Jihad: the Musical
Appears only the name of the six-member US production courted the real controversy in Edinburgh this August
Written by London-born Zoe Samuel, 24, Jihad: the Musical captured the European media's imagination during its three-week run at the Edinburgh Fringe Festival. The Silk Circle Production company aren't the first Americans to toy with musical jihad; the sketches of Rick Crom's off-Broadway NEWSical the musical (2006), are inspired and updated by current affairs, and already featured an all-dancing, all-singing number called 'Jihad Babies'.
Nevertheless, star number 'I Wanna Be Like Osama' received more than 150, 000 hits on YouTube amidst a charge of international press attention. 'There was a flurry of correspondence from Europe,' recalls Anne McMeekin, the festival's press officer. 'Journalists from Sweden and Germany seemed assured that it would be controversial.' 'The responses I received from journalists and public alike, once they had seen Jihad, were positive,' adds Lisa Kingsnorth, press officer for the musical which closed its curtains on 27 August. 'Especially those from Germany – they absolutely loved it!'
Live in Edinburgh
Four or five days into the festival, and we race to discover what Jihad: is all about. We come out slightly disappointed an hour and fifteen minutes later. The show takes place on a small stage on Chambers Street, between the famous Royal Mile (main tourist street) and the little bronze statue of Bobby the dog. Today, it doesn't draw a large crowd, despite having performed to full-houses virtually every night and ended up being ranked one of the top five performing shows at C Venues (showcasing international programme of new work) by the end of its run. The unattractive bare stage with its sole pianist near the audience – in comparison to the massive purple-red inflatable upside-down cow that was the 'Underbelly' venue in the skater landmark of Bristo Square – coupled with the lack of advertising and promotion on Edinburgh's streets, could explain the scant attendance on the day we catch it, early on in the festival.
A town, in the middle of nowhere, Afghanistan. The slightly dim poppy farmer Sayid, played by Brit and old Etonian Benjamin Scheuer, naively voyages to the US in search of a 'better life', cultivating a dream of becoming famous. There, the peasant meets a terrorist cell who try to convince him to sacrifice himself in a huge bombing in the name of Islam. 'Foxy Redstate’, an American reporter more obsessed with make-up and fame than her country's security, and a terrorist who greeds after Osama Bin Laden's cult media following complete the cocktail. Even the French put in a musical appearance, brandishing their baguettes during the franglais number We Turned and Ran.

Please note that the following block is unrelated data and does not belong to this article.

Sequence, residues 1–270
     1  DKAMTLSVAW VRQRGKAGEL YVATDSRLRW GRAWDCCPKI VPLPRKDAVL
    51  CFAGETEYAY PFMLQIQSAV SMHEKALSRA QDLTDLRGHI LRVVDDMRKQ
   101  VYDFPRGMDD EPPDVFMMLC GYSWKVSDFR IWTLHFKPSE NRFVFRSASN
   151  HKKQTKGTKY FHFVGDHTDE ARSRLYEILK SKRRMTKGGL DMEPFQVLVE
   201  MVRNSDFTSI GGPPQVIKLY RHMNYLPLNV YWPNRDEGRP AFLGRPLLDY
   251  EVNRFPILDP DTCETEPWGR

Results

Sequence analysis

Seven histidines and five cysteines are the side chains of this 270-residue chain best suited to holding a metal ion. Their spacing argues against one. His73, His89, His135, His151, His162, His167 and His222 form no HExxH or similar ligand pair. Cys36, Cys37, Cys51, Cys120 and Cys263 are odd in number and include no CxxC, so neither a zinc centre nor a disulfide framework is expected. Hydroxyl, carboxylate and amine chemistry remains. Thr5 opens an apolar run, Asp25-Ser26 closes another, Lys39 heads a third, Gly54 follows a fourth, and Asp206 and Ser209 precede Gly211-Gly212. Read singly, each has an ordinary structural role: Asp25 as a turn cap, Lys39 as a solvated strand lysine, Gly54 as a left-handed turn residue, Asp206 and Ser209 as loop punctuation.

I imagine those few Muslim spectators who would leave the performance would be provoked more by boredom than actually taking offence
The performance maintains an ironic tone throughout, but the theatre company don't go as far as they could. The criticism doesn't hurt nor do the songs hit the level that expectation generates. The public enjoy it, and the actors use a lot of imagination to make up for the lack of technical resources (props include cardboard AK47s). I imagine those few Muslim spectators who would leave the performance would be provoked more by boredom than actually taking offence – not a good sign if the show was designed to hit a nerve. Kingsnorth agrees: 'Those who did come realised that it was, in the words of Robert Dawson-Scott, critic for 'The Times' newspaper, about as offensive as 'Fiddler on the Roof'. It was simply an effective, well-rounded satire of terrorism, the West’s somewhat over-zealous security measures and its effects on our freedom.'
'The show took place in Scotland with little outcry,' says McMeekin. 'There was one phone-call from a member of the public who although not irate, thought there would be a good chance it would be questionable.' 'The only people who believed it to be scandalous were those who based their entire opinion on the shows’ title and/or second/third-hand opinion, rather than experiencing the performance first-hand by venturing to see it themselves,' affirms Kingsnorth.